T.J. Kirkpatrick, File, Associated Press
KINSHASA, Congo — In a marked turnaround, Congo's president called Wednesday for the arrest of a notorious ex-warlord who has been serving in the country's army despite an international indictment on war crimes charges.
Bosco Ntaganda is accused of using child soldiers for fighting in northeastern Congo from 2002 to 2003. He was first indicted on war crimes charges in 2006 by the Netherlands-based International Criminal Court.
President Joseph Kabila said Wednesday that Ntaganda should be arrested and face a military tribunal in Congo, presidential spokesman Andre Ngwej told The Associated Press by telephone. Kabila said the military doesn't need to hand Ntaganda over to the ICC.
"We ourselves can arrest him because we have more than 100 reasons to arrest and judge him right here (in Goma), and if not here, then in Kinshasa or elsewhere in our country," Kabila said in the Swahili language.
The president made the comments during a meeting with community leaders in the country's remote eastern province of North Kivu.
In the Hague, Netherlands, international court prosecutor Luis Moreno-Ocampo said Ntaganda is a fugitive and needs to be brought to justice. "He should be arrested for the sake and the security of victims and citizens in the whole region," Moreno-Ocampo said.
In the past, Kabila had refused calls to hand over Ntaganda, arguing his cooperation was essential to keeping the peace in the troubled east of the country where numerous local militias and foreign rebels operate.
Ntaganda was integrated into the Congolese army along with unknown hundreds of troops under a peace deal ending a 2009 rebellion that was negotiated as the rebels were about to take the provincial capital of Goma.
The integration has allowed large portions of eastern Congo to come under the dominion of Ntaganda's troops, who are largely from the Tutsi ethnic group and are accused of raping, looting and otherwise brutalizing other communities.
Kabila also noted Wednesday that the army was not supposed to be tribal.
Anneke van Woudenberg, a Human Rights Watch expert on Congo, said that Kabila's government is legally bound to transfer Ntaganda to The Hague after referring the crimes committed in Congo to the ICC in 2004. The Congolese government will have to submit a request to the ICC, if it now wants to try Ntaganda domestically before a military tribunal, she said.
"There is a lot of value in judicial trials taking place close to where the crimes occurred, but after years of conflict Congo's justice system remains weak and is unlikely, at this stage, to be able to try Ntaganda's crimes in a free and fair process," she said.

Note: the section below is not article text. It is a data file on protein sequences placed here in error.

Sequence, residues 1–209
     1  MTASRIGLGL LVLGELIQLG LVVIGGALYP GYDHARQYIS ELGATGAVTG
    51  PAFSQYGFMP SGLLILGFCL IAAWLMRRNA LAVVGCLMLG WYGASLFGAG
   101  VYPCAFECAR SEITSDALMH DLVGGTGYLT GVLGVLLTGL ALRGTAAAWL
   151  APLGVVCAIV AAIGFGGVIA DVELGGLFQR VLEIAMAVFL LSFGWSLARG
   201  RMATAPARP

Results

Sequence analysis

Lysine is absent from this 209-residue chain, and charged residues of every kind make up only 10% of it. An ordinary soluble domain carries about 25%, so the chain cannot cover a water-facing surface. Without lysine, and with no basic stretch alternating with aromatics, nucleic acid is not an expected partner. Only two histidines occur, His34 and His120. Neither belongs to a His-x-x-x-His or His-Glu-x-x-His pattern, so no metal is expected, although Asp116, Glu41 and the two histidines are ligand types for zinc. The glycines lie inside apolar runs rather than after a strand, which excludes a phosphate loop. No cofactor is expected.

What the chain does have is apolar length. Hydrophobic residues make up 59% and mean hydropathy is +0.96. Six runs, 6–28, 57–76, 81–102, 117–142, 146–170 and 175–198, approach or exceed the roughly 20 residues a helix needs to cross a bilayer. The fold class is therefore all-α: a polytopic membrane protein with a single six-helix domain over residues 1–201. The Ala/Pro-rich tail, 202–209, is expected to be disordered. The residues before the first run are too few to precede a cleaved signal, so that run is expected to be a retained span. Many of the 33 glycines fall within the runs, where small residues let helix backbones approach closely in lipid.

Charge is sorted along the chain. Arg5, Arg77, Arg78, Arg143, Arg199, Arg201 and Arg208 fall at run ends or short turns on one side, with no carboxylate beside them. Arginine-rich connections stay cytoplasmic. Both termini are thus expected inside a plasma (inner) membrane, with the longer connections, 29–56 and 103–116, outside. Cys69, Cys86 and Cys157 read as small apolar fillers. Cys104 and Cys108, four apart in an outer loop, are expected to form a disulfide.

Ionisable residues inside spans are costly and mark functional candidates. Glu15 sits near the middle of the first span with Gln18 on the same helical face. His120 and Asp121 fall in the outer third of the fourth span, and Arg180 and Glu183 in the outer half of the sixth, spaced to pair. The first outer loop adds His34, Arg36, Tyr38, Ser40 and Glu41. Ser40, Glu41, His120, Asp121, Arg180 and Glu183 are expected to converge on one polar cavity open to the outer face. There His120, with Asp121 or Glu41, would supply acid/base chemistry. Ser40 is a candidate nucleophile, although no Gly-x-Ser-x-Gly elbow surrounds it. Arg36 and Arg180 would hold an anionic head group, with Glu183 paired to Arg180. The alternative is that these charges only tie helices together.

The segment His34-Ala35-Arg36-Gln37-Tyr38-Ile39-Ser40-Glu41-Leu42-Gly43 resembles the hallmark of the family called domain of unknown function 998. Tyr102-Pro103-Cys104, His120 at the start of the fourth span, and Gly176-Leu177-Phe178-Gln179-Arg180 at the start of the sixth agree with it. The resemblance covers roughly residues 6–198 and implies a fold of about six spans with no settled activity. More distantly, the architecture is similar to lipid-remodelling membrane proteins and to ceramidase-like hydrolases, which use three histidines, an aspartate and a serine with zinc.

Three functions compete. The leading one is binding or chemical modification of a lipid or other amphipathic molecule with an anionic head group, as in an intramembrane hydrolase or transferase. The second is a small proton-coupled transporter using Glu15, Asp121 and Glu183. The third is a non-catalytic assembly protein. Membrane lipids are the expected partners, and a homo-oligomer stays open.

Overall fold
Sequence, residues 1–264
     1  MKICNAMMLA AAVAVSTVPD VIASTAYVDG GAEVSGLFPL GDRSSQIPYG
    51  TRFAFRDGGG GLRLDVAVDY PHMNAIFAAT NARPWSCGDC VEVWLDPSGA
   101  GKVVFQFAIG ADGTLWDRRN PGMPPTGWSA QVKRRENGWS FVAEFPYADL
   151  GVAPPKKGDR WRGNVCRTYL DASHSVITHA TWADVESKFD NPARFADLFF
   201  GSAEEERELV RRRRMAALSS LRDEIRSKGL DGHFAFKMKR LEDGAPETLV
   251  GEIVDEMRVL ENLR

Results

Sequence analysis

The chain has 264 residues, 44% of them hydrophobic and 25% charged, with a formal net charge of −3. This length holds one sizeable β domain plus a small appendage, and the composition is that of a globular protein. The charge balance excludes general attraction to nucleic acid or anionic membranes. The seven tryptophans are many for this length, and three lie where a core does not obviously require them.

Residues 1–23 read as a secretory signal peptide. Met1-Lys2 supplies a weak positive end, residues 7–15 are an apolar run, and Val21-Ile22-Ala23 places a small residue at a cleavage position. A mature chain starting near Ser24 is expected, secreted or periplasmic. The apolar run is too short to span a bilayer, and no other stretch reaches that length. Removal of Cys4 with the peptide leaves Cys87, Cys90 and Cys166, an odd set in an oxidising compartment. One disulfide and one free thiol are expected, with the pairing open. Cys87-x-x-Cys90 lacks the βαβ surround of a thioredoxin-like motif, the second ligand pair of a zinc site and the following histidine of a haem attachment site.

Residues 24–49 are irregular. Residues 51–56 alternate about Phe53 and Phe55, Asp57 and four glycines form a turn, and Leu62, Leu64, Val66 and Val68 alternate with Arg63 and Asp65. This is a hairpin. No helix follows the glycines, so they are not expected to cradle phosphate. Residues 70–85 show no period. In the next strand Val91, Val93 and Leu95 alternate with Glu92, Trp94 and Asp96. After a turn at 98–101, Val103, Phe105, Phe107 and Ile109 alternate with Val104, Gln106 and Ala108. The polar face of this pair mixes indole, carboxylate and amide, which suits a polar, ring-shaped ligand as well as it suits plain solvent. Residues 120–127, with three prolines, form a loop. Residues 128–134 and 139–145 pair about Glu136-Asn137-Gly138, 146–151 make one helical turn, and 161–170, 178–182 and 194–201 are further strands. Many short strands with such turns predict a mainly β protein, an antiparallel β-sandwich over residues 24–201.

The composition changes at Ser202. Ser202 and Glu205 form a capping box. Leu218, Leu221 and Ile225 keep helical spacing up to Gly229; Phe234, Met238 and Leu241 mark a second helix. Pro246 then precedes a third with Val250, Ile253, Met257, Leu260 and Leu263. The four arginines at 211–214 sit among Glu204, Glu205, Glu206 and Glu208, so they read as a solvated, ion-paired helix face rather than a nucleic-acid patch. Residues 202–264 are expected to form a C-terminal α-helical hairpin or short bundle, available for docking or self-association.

The Congolese president's announcement follows clashes this week between troops loyal to Ntaganda and other soldiers in the Congolese army in the eastern town of Rutshuru, according to the army spokesman for eastern Congo, Maj. Sylvain Ikenge.
Ikenge said that a colonel and a major responsible for the mutiny had fled into the bush with a small number of troops. "But everything is calm in Rutshuru today and 90 percent of the troops have remained loyal to the government," he said. It was unclear how other troops under Ntaganda's command might react to any arrest of Ntaganda.
In a 2010 interview with The Associated Press, Ntaganda vigorously denied the allegations and said he did not fear arrest on the ICC charges.
"I don't think that the U.N. is able to arrest me in Congo because they have arms that I also have and that can protect me when they try to arrest me," he said. "If it is established that I committed crimes, I won't hesitate to answer them to a court in my country. But I will never accept answering charges by the International Court."
Pressure has been mounting for Ntaganda's arrest since the International Criminal Court convicted another Congolese warlord Thomas Lubanga last month of using child soldiers, the first judgment in the court's 10-year history.
The ICC prosecutor stepped up the pressure against Congo last month after Lubanga's conviction, saying he would travel there to press Kabila to hand over Ntaganda.
Moreno-Ocampo also has said that he plans to add charges of murder and rape to Ntaganda's indictment, a move that was welcomed by human rights groups.
Associated Press writers Mike Corder in The Hague, Netherlands, and Michelle Faul and Rukmini Callimachi contributed to this report from Dakar, Senegal.
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